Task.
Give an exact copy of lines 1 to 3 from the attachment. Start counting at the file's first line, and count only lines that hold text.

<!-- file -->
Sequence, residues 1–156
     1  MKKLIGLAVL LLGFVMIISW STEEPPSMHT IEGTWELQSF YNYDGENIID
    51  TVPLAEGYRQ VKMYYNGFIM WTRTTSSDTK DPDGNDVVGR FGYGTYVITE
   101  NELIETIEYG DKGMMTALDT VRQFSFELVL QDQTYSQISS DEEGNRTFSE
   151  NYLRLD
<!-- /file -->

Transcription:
Sequence, residues 1–156
     1  MKKLIGLAVL LLGFVMIISW STEEPPSMHT IEGTWELQSF YNYDGENIID
    51  TVPLAEGYRQ VKMYYNGFIM WTRTTSSDTK DPDGNDVVGR FGYGTYVITE